But - all in all would give it a 6/10. The bill came to £56 which for two courses, cocktails and a glass of wine each isn't bad.

The decor and atmosphere are also good - I like places that are dark enough to feel intimate but not so much you can't se your food. In that sense Rick's does well. I also liked the leather booth seats. There was a good mix of age groups but it does veer towards the upwardly mobile set.

The bar staff are also easy on the eye!


Andy is making this for me tonight. I make it a lot and taught Andy the recipe a couple of months ago. When I cook I am quite messy but have my little rituals and when I showed him how to do this recipe he laughed at the processes I go through - I like to set out all the toppings on a large plate so that when the dough is ready and rolled out they are all ready and I can add them in turn. This meticulous approach tickled Andy's funny bone it seems.

Anyway - this recipe is very easy and Andy sometimes makes teh dough and leaves it to rise while I am coming home on the train from Edinburgh. Then, when we get in from him picking me up from the station all we need to do is roll out teh dough,add the toppings and pop in the oven. Fresh, homemade pizza on a Friday night - perfect!

Pizza dough

225g/1lb plain flour
13g/.5oz yeast (or one pack dried)
half a teaspoon of salt
half a pint of hand hot water
(you can also half the water and make up with olive oil if you want to be fancy!)

Mix the flour, salt and dried yeast (if using fresh, dissolve in a little water then add).
Bit by bit add the water until you get a soft, pliable dough
Knead for 2-3 minutes until light and elastic
Roll into a ball and leave in a bowl covered with a clean, dry tea towel for an hour
Knead the dough for 30 - 60 seconds then roll out to desired shape. I like my pizza thin and crispy so use a large oven sized baking sheet)
Add toppings
Bake in oven 180-200c for 10-15 minutes

Cured meats pizza toppings

Take a tube of tomatoe purree and sqeeze it out in an ever decreasing circle on your pizza dough. Take a dessert spoon and spread the purree in half circle motions.
Thinly slice an onion and a pepper and a large portobello mushroom and sprinkle over the pizza
Add a selection of cured meats such as salami, chorizo and parma ham
Add finely slicedcherry tomatoes
Topwith grated mozzarella

Once cooked sprinkle with some parmesan grated using the biggest grate size on your grater

Rocket, parmesan and olives

In Pizza Express they do a pizza called the 'soho'. This is my version.

Take a tube of tomatoe purree and sqeeze it out in an ever decreasing circle on your pizza dough. Take a dessert spoon and spread the purree in half circle motions.
Add thinly sliced red ionion
Add black olives

Once baked top with shaves of parmesan, a handful of rocket and a generous drizzling of olive oil.


This probably isn't the real Italian way to do it but I basically take the pizza dough but instead of topping it like a pizza cover half with the toppings, foldover and crimp the dough, then bake in the oven. This is a good way to cook if you have 'sloppy' toppings like chilli beef. It is basically an italian pastie.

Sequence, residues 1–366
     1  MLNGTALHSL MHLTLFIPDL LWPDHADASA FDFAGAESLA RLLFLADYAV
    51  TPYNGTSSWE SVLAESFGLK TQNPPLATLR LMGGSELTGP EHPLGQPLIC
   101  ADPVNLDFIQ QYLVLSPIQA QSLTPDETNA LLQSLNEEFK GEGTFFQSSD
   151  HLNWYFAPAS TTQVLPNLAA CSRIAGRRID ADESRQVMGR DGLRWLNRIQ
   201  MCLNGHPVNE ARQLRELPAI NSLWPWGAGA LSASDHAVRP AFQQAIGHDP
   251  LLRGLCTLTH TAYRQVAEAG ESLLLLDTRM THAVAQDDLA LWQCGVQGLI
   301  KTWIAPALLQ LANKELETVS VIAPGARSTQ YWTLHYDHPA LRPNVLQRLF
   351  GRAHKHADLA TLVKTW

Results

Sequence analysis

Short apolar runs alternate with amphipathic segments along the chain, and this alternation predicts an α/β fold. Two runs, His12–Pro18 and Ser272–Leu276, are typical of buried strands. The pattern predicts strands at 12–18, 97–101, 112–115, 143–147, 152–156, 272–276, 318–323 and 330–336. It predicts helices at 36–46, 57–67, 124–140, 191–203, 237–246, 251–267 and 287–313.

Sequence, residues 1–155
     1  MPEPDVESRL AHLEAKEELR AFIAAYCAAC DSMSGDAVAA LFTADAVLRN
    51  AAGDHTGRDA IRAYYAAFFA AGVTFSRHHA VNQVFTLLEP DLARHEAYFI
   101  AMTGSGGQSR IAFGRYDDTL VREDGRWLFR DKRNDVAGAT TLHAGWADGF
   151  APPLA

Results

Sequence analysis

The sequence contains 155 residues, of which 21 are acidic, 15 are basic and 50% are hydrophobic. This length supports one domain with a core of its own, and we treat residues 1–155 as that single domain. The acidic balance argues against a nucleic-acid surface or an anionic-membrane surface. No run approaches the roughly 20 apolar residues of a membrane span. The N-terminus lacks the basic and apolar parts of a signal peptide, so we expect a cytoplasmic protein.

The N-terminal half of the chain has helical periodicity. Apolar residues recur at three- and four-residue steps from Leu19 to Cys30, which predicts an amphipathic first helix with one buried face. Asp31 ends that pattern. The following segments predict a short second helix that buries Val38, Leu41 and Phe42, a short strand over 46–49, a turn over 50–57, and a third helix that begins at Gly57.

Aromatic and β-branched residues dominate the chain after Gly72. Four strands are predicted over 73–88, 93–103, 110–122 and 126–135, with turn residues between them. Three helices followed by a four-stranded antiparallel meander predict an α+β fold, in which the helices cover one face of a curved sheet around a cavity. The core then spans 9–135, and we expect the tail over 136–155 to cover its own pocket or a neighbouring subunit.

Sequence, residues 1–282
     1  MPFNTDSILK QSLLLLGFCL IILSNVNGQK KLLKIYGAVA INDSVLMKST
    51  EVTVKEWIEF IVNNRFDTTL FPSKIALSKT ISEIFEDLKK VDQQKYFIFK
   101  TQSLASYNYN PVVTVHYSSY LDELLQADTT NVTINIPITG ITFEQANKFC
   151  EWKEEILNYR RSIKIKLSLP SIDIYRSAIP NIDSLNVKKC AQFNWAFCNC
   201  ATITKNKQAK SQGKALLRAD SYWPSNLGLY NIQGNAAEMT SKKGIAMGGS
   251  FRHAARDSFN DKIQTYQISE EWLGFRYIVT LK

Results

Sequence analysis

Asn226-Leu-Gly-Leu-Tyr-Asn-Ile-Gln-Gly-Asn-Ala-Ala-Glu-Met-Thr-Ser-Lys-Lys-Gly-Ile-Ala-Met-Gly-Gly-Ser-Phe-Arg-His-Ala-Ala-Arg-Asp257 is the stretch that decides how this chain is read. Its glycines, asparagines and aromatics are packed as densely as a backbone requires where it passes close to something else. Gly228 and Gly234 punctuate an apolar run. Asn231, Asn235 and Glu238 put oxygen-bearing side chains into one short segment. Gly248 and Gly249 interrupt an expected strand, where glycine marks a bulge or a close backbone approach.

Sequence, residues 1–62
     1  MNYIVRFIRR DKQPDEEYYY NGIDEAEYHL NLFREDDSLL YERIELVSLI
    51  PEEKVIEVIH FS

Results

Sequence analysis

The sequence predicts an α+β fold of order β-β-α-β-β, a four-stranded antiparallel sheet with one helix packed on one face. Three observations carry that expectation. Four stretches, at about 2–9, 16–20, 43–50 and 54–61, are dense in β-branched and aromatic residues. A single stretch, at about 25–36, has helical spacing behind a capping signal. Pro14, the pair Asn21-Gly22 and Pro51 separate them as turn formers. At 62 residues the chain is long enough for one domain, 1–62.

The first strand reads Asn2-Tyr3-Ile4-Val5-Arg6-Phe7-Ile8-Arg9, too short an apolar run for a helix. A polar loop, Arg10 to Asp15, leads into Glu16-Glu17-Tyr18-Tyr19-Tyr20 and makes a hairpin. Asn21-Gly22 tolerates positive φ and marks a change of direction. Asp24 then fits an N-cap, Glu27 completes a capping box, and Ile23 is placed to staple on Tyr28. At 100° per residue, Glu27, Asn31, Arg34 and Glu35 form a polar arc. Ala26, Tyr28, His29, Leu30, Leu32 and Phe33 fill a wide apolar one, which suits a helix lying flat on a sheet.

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Homemade chips

I don't have a deep fat fryer but I do like to make my own chips. I have three recipes that are all good and easy to do.

Sweet potatoe chips

Chop the sweet potatoes into two inch cubes. Sweet potatoes are a funny shape so I find this is the easiest way. Toss in olive oil and then place skin side down in a baking tray. Cook at 200c for 20-25 minutes.

Baked potatoe chips (1)

Cut into wedges and toss in olive oil. Place skin side down in a baking tray and cook at 220c for 30 minutes.

Baked potatoe chips (2)

These might be too spicy for some folks.
Cut into wedges and toss in olive oil, chopped garlic, wholegrain mustard and paprika. Place skin side down in a baking tray and cook at 220c for 30 minutes.

Beef Burgers

There is a bit of a story to these burgers. About five years ago I tried making my own beef burgers as my friend Damian was coming round for dinner. I sourced a tasty sounding recipe and spent the day making ahdnmade chips and burgers. I set the table all fancy and made crumble for pudding. Now, I am not precious about my cooking in the sense that I quite like rustic looking dishes, they don't need to look perfect or as if Gordon Ramsay has cooked them. But I do worry about if they taste ok and pride myself on sending folks away with a full belly - satisfied in their tummy and their tastebuds.

Well, Damian and Andy ate the burgers but when I asked them what they thought their response was 'a bit bland - could have done with more seasoning or spicy-ness'. My confidence was dented and I was put off the idea of making my own burgers for ages. Then I found a really saliva-inducing recipe in my Nigella Express book and figured five years was long enough for the wounds to have healed. Again, Damian was coming round for tea, so I figured this was as good a time as any to exorcise the first unsuccessful attempt at burgers.

The basic recipe is (serves 3 if you have two burgers each - we are greedy!):

500g lean minced beef
3 teaspoons natural yoghurt
3 teaspoons soya sauce
3 teaspoons Worcestershire sauce
2 tablespoons carmelized onions